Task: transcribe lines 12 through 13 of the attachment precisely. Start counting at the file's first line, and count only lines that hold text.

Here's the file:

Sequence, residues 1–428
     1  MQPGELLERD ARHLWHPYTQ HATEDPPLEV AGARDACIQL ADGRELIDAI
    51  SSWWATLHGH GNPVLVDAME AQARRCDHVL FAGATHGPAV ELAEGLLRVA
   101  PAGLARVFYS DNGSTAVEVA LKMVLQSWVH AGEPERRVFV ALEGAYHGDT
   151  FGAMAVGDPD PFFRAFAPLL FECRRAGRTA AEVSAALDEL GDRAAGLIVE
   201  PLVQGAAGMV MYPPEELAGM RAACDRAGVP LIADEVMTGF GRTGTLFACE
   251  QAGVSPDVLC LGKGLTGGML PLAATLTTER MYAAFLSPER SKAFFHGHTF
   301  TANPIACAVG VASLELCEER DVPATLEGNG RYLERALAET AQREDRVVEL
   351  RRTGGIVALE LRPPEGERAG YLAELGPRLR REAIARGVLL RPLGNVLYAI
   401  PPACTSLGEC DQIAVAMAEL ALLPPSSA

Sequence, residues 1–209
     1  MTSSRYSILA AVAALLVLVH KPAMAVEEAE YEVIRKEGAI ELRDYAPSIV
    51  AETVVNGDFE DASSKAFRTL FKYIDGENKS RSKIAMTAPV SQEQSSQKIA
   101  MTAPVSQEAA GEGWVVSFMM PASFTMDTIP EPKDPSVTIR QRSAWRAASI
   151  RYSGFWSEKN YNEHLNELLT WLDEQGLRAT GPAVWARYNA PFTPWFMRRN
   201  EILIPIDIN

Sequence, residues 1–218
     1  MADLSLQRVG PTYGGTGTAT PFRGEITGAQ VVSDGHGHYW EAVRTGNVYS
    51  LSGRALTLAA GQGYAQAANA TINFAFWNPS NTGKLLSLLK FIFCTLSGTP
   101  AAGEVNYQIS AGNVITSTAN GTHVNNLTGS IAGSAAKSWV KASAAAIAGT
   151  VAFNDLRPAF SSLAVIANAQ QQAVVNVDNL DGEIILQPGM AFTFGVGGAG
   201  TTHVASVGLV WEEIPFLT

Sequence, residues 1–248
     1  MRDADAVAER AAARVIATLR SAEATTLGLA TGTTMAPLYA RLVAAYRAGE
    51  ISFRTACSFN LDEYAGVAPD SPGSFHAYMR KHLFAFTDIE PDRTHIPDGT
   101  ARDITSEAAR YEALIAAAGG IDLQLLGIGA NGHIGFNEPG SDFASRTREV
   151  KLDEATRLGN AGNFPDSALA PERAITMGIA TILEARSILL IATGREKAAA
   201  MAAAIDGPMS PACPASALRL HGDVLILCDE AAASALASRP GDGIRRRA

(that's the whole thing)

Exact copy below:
     1  MTSSRYSILA AVAALLVLVH KPAMAVEEAE YEVIRKEGAI ELRDYAPSIV
    51  AETVVNGDFE DASSKAFRTL FKYIDGENKS RSKIAMTAPV SQEQSSQKIA